What do you think of when you hear ‘Charles Dickens’?
A Tale of Two Cities?
The fact that his pen name was “Boz”?
Or do you think about the theme park ‘Dickens World‘ in Chatham dedicated to the Boz himself, which is apparently a real thing? (You can get half-price admittance if you show up in full Victorian garb!)
At Peachtree, we tend to think of The Cheshire Cheese Cat: A Dickens of a Tale!
Skilley is an alley cat with an embarrassing secret: He hates eating mice, but he loves to eat cheese.
Longing to escape his street-cat life, he hopes to trade London’s damp alleyways for the warmth of Ye Olde Cheshire Cheese Inn. When he learns that the innkeeper is looking for a new mouser, Skilley comes up with an audacious scheme to install himself in the famous tavern.
Once established in the inn, Skilley strikes a bargain with Pip, an erudite mouse. They agree that Skilley will protect the mice who live at the inn, and, in turn, the mice will provide him with the thing he desires most—the inn’s delectable cheese.
But when Skilley and Pip are drawn into a crisis of monumental proportions involving a tyrannical cook, an unethical barmaid and a malevolent tomcat, their new friendship is pushed to its limits. The escalating conflict threatens not only the peace of the Cheshire Cheese Inn but also of the British Monarchy.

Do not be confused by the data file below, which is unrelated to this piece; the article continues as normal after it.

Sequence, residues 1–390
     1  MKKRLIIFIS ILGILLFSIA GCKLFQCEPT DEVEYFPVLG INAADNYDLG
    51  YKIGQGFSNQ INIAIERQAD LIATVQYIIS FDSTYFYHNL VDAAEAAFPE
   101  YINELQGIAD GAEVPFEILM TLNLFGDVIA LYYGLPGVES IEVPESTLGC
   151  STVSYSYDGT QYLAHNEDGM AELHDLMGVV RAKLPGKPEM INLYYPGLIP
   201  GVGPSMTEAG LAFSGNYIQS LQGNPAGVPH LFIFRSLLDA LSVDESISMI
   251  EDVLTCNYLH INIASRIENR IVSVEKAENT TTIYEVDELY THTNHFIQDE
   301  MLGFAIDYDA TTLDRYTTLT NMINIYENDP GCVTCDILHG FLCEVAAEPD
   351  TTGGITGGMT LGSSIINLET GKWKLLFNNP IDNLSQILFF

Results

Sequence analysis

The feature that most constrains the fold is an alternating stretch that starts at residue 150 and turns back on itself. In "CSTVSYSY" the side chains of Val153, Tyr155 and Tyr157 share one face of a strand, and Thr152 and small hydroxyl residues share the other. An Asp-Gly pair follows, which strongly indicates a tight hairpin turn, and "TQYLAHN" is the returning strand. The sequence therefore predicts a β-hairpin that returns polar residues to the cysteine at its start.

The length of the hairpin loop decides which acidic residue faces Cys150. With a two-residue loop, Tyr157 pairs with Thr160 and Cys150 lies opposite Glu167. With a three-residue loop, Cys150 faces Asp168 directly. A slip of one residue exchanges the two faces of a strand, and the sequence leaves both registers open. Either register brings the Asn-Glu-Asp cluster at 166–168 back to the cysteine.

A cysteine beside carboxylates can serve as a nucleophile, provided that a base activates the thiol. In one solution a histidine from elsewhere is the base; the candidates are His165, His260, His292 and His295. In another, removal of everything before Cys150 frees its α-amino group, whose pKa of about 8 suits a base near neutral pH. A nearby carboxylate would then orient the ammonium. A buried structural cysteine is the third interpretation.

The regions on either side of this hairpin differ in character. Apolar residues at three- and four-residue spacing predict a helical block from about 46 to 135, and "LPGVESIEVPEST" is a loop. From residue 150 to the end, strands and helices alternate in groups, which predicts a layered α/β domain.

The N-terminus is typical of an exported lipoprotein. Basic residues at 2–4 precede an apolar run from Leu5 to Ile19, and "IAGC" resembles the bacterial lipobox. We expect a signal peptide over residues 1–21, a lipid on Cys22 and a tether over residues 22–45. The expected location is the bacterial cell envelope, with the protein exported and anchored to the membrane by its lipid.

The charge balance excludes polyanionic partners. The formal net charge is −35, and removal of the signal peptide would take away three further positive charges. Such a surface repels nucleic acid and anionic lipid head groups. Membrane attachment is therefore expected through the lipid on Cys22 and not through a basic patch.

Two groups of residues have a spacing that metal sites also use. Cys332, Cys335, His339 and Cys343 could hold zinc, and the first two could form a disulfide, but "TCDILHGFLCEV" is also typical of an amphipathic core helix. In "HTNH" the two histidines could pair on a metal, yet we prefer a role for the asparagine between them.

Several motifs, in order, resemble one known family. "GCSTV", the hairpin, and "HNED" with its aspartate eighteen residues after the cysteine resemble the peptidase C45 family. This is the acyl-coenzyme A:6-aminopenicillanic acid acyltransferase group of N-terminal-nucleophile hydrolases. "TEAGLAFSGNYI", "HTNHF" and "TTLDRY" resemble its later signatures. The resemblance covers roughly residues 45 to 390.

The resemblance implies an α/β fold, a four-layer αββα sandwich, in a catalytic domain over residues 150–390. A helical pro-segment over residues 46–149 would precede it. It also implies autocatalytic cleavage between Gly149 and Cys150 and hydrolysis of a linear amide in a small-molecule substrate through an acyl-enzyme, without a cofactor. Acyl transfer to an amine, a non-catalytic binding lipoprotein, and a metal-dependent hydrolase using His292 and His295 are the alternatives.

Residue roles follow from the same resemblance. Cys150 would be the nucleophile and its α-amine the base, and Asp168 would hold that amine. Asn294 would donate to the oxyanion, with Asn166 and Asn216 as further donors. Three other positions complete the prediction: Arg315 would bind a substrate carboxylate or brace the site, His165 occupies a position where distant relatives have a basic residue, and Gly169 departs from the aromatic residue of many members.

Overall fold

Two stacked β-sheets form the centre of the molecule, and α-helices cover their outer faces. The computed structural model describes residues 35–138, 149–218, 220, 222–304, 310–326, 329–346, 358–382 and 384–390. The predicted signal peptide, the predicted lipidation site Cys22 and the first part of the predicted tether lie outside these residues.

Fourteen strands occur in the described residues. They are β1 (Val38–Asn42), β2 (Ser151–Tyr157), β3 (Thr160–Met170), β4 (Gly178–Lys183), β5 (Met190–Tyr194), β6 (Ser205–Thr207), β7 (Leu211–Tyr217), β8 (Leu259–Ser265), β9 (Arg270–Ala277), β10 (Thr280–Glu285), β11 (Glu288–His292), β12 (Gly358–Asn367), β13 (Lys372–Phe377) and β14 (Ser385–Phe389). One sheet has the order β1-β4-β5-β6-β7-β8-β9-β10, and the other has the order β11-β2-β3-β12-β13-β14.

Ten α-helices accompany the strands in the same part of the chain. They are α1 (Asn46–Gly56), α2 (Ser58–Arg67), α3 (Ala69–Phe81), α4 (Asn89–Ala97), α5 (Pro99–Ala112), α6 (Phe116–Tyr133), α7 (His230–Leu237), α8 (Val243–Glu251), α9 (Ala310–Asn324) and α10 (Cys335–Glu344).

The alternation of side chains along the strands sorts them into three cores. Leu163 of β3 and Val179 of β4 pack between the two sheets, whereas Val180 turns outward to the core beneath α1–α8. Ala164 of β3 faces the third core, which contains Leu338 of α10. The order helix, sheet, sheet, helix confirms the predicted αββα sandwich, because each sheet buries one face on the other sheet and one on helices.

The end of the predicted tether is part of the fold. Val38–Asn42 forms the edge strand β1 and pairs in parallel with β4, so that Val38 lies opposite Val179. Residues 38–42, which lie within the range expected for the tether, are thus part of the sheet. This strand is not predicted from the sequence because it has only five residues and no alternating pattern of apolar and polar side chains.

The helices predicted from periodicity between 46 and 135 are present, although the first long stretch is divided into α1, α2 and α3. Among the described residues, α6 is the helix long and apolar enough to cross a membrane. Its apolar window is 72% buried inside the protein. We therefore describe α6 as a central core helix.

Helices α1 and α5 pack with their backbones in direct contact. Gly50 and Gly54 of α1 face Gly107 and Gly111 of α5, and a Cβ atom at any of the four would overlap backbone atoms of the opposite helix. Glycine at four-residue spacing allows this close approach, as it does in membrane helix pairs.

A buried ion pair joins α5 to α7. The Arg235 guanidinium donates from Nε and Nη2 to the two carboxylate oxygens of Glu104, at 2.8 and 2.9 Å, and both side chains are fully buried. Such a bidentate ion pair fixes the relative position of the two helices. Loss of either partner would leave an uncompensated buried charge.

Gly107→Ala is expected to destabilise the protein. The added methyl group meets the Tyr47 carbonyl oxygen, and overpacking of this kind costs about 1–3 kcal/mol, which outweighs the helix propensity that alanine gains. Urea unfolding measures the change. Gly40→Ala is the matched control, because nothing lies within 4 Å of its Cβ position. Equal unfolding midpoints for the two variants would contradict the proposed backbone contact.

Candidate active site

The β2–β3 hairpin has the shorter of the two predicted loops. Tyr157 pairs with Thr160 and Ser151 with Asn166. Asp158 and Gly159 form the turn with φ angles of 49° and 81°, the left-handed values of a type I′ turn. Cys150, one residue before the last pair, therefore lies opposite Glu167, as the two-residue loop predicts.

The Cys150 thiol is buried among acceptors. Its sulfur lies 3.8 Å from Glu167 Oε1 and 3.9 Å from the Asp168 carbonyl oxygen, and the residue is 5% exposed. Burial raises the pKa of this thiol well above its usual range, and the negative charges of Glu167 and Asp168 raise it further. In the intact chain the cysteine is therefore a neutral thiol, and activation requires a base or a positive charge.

Unbeknownst to Skilley and Pip, however, they have a secret ally: a famous author who scribbles away many an afternoon at the Cheese. In this playful homage to Charles Dickens, unlikely allies learn the lessons of a great friendship.
For more on The Cheshire Cheese Cat, check out our blog tour from October and be sure to follow SLJ’s Battle of the Books — the Cheese is battling it out for the title in March!
No matter what springs to mind when pondering good ol’ Charlie “Boz” Dickens, most of us have at least a novice understanding of who Dickens was and his great contribution to literature. We still hail him as one of the greatest writers of ever, his books still top school reading lists (and personal reading lists!) and we continue to adapt his stories and introduce his words to new generations of readers, all these many years later.
Happy 200th Birthday, Charles!